We also asked students to make collaborative structures that would inform their decisions and allow them to share the burden of the unknown. Team roles, including project manager, user experience designer, content producer, and research director, were clearly defined at the beginning of the project, allowing each student to own specific tasks while still being responsible to teammates for all components of the project. By articulating team roles, we tried to formulate collaboration as a learned skill: a set of performances that can be catalyzed, nurtured, and contested within boundaries that build accountability. As Papaelias often remarked in class, “Life is a group project.”
In addition to small group collaboration, we established three formats for feedback and development: peer review, mentor critiques, and interdisciplinary faculty critiques. Critiques are long-established pedagogical tools in the art and design making process, and our students are very familiar with them. Peer review happened informally as well as during critiques, with feedback provided on draft presentations and promotional media. Mentor critiques happened in almost every class session, as we spent time meeting with groups, reviewing project progress, and tracking time-management components. These mentoring sessions were vital in challenging students to engage with intersectionality as a critical framework for our focus on place and community. Certain students questioned the efficacy of mobile applications in having an impact on discrimination. The ubiquity of apps provided a rationale for potentially affecting discrimination (Grant 2014), but the question of relevancy was positioned as a design challenge. Interdisciplinary faculty critiques invited faculty and staff from English, Computer Science, Psychology, Instructional Technology, and the Sojourner Truth Library to provide thoughtful suggestions to students on in-progress work. As reflexive actions occurring regularly within the iterative process of making, critiques supported students’ work to increase rigor and enable persistence in the refinement of their ideas, the synthesis of data, and the capacity to incorporate important conceptual aspects into the project outcomes. This style of group focus and constructive feedback is common to critiques in the creative process and would benefit making in disciplines beyond the arts. We therefore advocate for its use in the humanities.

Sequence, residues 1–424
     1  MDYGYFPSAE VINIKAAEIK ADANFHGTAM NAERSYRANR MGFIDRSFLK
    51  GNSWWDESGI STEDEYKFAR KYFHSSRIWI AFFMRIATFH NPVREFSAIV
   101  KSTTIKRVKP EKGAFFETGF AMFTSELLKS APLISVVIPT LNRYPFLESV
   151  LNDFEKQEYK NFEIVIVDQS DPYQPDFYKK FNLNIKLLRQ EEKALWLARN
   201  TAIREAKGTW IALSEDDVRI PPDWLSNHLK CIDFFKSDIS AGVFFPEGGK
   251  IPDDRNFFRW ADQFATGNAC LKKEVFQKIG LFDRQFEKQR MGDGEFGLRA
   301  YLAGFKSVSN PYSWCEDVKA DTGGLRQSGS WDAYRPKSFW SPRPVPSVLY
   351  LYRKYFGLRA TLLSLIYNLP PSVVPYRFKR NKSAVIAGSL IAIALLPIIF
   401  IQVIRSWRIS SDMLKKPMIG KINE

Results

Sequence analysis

In total, eight groups worked on proposals exploring difference through intersectional subjectivity using mobile affordances ranging from specialized social media platforms to mapping social and cultural geographies. The following is a summary of two projects from spring 2015 that balance placeable’s three core constructs and capture the breadth of student interests and investigations.
Case 1: Mobility Map
Summary: a campus navigation app intended to help locate accessible routes and identify trouble spots in buildings and walkways
In Mobility Map, campus terrain is a site for engaging issues of accessibility. Students proposed a mobile application that allows users to identify accessible routes and mark inaccessible spots on the campus map in order to arrive at their destination on time. Users can pinpoint places on campus where they found inaccessible buildings or classrooms and post personal stories and tips to the community. Inspired by previous coursework in disability studies, the group’s research process included gathering building attributes related to campus accessibility. The students created a visual survey of main stairways, doors, and building access points, visually documenting situations that present access issues. Students also developed a survey that posed general questions about accessibility on campus. While the survey was not distributed due to time constraints, the process of survey design led the group to communicate with our local disability resource center and begin to learn about the ethical involvement of human subjects in qualitative research. The process also helped the group to produce content for the final proof of concept.
Students used InVision, a digital prototyping tool for rapidly generating functioning prototypes of mobile and web applications. With an interactive digital prototype, the group was able to test basic functionality around campus on mobile devices. This process led them to identify interface design problems that would have been difficult to discover without an interactive prototype. For example, some buttons needed to be resized to accommodate different hand sizes, colors needed to be aligned with recommendations from the Americans with Disabilities Act (ADA), and the legibility of instructions and other text needed to be increased for reading while en route to a destination.